Feb 12 2009

Rwanda: the other side of midnight

Category: Uncategorized<ADMINNICENAME> @ 4:36 PM

Libya’s Qadaffi is not only wooing sub-Saharan Africans with diplomatic and cultural initiatives. He is quietly spending billions of dollars buying assets in the region, placing a big bet on the last uncharted frontier in global capitalism. To understand what Qadaffi hopes to gain, we look at one of Libya’s newest investments, Rwandatel, which is the largest Internet provider and second-largest cell-phone provider in this post-genocidal central African country. Qadaffi’s African investment company paid $80 million for Rwandatel in 2007 and hopes to use Rwanda as a platform to take advantage of the sub-Saharan mobile-phone market, considered the fastest-growing in the world.

The Libyans have long been players in Africa’s unorthodox business scene, but now the stakes are higher and the Libyans – flush with oil money and emboldened by a period of relative prosperity in much of Africa – are positioned to turn what once seemed like a costly political strategy – wooing African governments through friendly investments in prestige projects such as hotels and infrastructure – into a profitable growth-oriented portfolio. Mobile-phone operations in Africa are the world’s most profitable on a percentage basis.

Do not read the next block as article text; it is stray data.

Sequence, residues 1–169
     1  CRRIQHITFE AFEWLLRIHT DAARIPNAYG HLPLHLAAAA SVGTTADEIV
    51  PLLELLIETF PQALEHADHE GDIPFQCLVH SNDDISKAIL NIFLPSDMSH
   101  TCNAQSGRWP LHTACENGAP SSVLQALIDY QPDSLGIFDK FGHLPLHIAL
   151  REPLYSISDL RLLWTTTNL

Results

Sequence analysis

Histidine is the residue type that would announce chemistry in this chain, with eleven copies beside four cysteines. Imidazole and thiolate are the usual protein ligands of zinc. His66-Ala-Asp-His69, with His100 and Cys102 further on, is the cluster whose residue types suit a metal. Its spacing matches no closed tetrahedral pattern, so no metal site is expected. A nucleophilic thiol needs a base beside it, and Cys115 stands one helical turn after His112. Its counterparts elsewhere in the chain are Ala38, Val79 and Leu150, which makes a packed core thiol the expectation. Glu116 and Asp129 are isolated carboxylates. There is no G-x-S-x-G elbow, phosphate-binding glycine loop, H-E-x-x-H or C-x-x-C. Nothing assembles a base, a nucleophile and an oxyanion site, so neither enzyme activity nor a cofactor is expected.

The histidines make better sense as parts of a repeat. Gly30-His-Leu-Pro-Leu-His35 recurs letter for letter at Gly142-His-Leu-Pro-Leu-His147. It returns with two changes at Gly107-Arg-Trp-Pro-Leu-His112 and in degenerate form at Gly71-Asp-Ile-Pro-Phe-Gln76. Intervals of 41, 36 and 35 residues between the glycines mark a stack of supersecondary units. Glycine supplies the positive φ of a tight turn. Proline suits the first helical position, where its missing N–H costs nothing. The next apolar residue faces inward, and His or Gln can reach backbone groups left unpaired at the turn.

There is a back story to the Libyan saga. Rwandatel was previously owned by a reclusive American tycoon, Greg Wyler, who invested in Rwanda a few years ago in a act of misguided altruism. Wyler’s problems in Rwanda were chronicled by the WSJ in a page one story about two years ago and I described how Wyler’s Rwanda operation was resurrected as part of a profile on American investor in Rwanda, published in Business 2.0 in the summer of 2007. About a month later (and a few days after a glowing story appeared in the Sunday Non Rwandatel and Wyler), the Rwandan government issued an ultimatum to Wyler: sell out immediately or risk having Rwandatel seized by the government’s battle-tested troops.
After three days of “negotiations,” Wyler – who had pissed off and disrespected the Rwandans for years by failing to make good on promises and behaving like a moron generally — sold out for about $12 million. The Rwandan government then turned around and sold the company to the Libyans for $80 million.

What Libyan capital and Rwanda’s telco market will yield remains to be seen.

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